I currently have a SAWTA certification and a AWCI CW21 certification for watchmaking. I am level 40 certified with Jaeger LeCoultre. I am level 30 certified with Panerai. I am level 30 certified with IWC. I am level 40 certified with Cartier. I am a level 40 Rolex plaque account in my store. The industry recognizes my certifications, provides me brand and caliber specific training and allows me to perform warranty work on their products, sells me parts and they provide a brand warranty with my work, meaning if I service your watch and it has a warranty error, you can take it to them to be fixed under warranty, you don't have to come back to me. That is a high level of trust right? I started my career focusing on vintage service, before gaining the modern brand certifications.
So after writing my background in watchmaking I can say this. As I learned about Isochronism, rate independent of amplitude, I learned it was a lofty ideal not able to be fully realized. As example friction is an enemy of Isochronism, and you simply can not eliminate friction, so you always do your best to minimize friction.
In school in poising a wheel, I did not once ever move a screw to adjust for poise. Ever. Not static or dynamic. Moving screws is for changing the moment of inertia in a wheel. It does not eliminate a poise error as I understand. The mass of the screw is only moving further away from the center of mass or closer to it, but the poise error, which is a heavy spot in the wheel that can be pulled on by gravity in a vertical position is still there.
To have poise means that the mass of the wheel is evenly distributed around the circumference of the wheel in relation to the center of mass. It has no "heavy spot" for gravity to pull on in the vertical positions. As the wheel moves in the direction of gravity, it accelerates due to the influence of the heavy spot. As it moves away from the influence of gravity it slows down. This affects rate. Eliminate that heavy spot and the wheel has one less influence in the search for Isochronism, gravity being one of the enemies of Isochronism. I eliminate a heavy spot through poise, redistributing mass throughout the wheel, either by adding mass or subtracting mass on the rim of the balance, depending on the type of balance I am am working with, screw vs screwless, or position of the heavy spot, which screws are not always at the appropriate location.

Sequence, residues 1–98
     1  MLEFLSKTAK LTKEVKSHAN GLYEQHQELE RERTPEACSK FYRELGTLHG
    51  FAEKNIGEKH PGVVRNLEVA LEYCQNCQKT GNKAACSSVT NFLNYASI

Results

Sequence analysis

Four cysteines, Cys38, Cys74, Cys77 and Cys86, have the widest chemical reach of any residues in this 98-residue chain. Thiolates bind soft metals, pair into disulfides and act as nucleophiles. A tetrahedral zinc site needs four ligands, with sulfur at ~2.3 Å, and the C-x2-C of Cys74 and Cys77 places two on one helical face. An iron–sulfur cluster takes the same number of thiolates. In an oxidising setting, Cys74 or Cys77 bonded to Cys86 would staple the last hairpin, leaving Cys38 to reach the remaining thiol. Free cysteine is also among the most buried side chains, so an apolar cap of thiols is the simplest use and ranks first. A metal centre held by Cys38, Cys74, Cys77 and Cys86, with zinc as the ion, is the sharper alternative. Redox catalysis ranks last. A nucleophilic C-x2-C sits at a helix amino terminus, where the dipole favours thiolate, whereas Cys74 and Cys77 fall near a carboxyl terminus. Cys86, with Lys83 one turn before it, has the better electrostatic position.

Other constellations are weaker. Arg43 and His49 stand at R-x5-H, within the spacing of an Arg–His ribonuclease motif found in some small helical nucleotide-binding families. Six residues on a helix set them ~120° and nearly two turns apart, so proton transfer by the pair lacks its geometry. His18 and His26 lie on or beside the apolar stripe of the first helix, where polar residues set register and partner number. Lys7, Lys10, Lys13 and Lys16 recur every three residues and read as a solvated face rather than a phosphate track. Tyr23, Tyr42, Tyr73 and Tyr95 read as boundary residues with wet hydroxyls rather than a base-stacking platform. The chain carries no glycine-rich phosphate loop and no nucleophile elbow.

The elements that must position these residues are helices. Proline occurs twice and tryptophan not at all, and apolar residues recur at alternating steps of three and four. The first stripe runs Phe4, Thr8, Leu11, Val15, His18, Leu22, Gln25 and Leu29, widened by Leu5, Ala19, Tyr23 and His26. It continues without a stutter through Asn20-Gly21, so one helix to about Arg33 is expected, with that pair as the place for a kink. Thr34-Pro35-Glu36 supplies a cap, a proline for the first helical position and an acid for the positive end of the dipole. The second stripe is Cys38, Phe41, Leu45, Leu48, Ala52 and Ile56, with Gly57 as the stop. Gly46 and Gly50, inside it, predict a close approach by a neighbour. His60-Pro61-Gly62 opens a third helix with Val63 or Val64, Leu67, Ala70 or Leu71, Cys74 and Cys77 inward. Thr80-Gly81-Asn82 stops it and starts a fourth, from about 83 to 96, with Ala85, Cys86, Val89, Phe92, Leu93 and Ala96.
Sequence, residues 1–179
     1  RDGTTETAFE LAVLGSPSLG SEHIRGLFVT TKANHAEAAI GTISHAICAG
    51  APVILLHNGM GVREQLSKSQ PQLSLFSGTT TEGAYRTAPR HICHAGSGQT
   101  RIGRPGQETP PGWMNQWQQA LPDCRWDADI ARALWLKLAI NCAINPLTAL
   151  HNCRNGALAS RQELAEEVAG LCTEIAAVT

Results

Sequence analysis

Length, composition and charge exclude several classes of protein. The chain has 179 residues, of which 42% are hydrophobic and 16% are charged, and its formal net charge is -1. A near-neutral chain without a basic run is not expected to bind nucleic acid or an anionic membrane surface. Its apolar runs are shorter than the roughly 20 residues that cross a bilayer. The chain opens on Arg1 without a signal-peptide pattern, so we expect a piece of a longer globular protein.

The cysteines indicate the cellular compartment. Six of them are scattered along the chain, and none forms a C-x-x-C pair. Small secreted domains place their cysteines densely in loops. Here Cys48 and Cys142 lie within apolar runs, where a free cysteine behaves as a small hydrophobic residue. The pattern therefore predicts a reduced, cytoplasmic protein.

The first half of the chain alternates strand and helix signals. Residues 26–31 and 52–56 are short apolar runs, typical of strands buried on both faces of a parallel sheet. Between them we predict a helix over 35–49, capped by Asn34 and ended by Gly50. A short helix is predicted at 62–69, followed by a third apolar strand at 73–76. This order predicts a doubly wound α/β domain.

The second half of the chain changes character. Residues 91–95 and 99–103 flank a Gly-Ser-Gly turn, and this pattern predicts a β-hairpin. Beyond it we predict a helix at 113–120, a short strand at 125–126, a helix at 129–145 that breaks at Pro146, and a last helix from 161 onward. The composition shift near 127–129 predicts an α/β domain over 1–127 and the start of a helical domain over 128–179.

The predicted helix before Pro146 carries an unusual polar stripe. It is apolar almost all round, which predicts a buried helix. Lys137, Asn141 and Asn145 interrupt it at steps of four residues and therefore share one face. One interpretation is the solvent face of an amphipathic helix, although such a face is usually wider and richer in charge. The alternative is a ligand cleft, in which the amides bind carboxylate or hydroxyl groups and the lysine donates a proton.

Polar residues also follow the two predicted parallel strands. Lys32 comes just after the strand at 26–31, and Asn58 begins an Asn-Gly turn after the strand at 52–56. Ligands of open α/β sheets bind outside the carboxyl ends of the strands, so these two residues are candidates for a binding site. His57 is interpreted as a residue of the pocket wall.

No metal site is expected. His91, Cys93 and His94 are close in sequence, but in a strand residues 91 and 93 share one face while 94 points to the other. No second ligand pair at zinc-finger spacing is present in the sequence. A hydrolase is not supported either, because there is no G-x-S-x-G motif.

I learned dynamic poising is necessary if after static poising I still have a poise error in the rate of the watch for the positions it is adjusted for during the timing phase of the service. I find the heavy spot by timing methods and I eliminate that heavy spot on the rim of the wheel.
There is much left unsaid here, as I am being extremely basic in my writing.
As moving screws is not a method I have ever used for poising, I can not comment on the effectiveness, and as you can see the methods I learned are different from what is accepted here.